Bartable

Express your love for Bay Area transit by wearing little pieces of it.

Bay Area residents love to hate on BART, what with its strikes and threatened strikes, surreal passenger behavior, and escalators busting because of the "sheer volume of human waste" inside.

But here's proof at least one person appreciates the transit system: a designer dress that took three years and 192 train tickets to put together.

The curious apparel is the work of Oakland's Sean Porter, who stitched it with a sewing machine and see-through thread. To be accurate, the actual crafting only took a few months. The rest of the time Porter was saving up cards with pennies on them from his trips around the Bay.

The lines of the dress were inspired by the shape of the Transamerica Pyramid, according to Bartable. You can kind of see the similarities:

The dress has a companion piece in a series of draping velour ribbons echoing the colors of the BART map. Porter explains more about the commuterish clothing:

Sewing only BART tickets together, I have created a mid-thigh length cocktail dress. I was inspired by the line and design of the BART tickets. The precision in the time of travel is equally inspiring. I wanted to invoke the feeling of precision by tactfully placing each ticket together to create the symmetrical bodice.... Striving to be bold, beautiful, and true, has resulted in the piece in which I have titled, "b'ART."

Locals can check out the dress at Piedmont Fabrics until the end of the month, and everybody else will have to make due with photos:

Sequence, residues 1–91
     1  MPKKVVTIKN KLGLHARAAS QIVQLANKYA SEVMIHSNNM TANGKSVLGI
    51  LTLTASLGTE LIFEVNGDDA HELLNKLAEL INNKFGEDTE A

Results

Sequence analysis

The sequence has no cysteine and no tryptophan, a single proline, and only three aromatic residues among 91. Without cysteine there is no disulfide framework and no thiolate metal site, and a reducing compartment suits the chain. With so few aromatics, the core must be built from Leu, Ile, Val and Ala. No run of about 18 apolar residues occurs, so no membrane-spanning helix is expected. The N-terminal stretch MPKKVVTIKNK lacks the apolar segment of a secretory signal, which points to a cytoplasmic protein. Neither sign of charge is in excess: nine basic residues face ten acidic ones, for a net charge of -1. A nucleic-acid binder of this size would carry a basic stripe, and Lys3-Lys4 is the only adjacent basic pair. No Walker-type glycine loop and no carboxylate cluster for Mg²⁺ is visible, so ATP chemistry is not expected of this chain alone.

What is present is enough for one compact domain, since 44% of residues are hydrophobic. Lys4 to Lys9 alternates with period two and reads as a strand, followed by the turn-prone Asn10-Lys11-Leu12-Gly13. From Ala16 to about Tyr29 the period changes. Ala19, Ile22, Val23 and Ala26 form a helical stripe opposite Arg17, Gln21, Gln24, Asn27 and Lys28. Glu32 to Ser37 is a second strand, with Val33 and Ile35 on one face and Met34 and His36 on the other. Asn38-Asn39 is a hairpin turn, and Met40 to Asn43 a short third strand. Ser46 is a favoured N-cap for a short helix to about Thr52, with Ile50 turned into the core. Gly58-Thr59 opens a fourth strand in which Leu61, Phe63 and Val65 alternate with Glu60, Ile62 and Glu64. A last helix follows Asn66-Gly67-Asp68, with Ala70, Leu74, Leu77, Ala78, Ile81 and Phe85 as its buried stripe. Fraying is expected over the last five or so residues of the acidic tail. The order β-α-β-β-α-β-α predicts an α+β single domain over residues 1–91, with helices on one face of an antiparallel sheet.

Bartable

About the Author

Most Popular

  1. a photo of the Eiffel Tower with the words "Made for Sharing" projected on it
    Life

    How France Tries to Keep English Out of Public Life

    France has a long history of using official institutions to protect the French language from outside influence. Still, English keeps working its way in.

  2. Warren Logan
    Transportation

    A City Planner Makes a Case for Rethinking Public Consultation

    Warren Logan, a Bay Area transportation planner, has new ideas about how to truly engage diverse communities in city planning. Hint: It starts with listening.

  3. Life

    Staying Afloat on an Island of Wealth

    Each summer on Martha's Vineyard, year-round residents and seasonal workers struggle to find affordable housing amid the island’s luxury real estate.

  4. Maps

    The Map That Made Los Angeles Make Sense

    For generations in Southern California, the Thomas Guide led drivers through the streets of Los Angeles. Now apps do that. Did something get lost along the way?

  5. A photo of a police officer in El Paso, Texas.
    Equity

    What New Research Says About Race and Police Shootings

    Two new studies have revived the long-running debate over how police respond to white criminal suspects versus African Americans.

×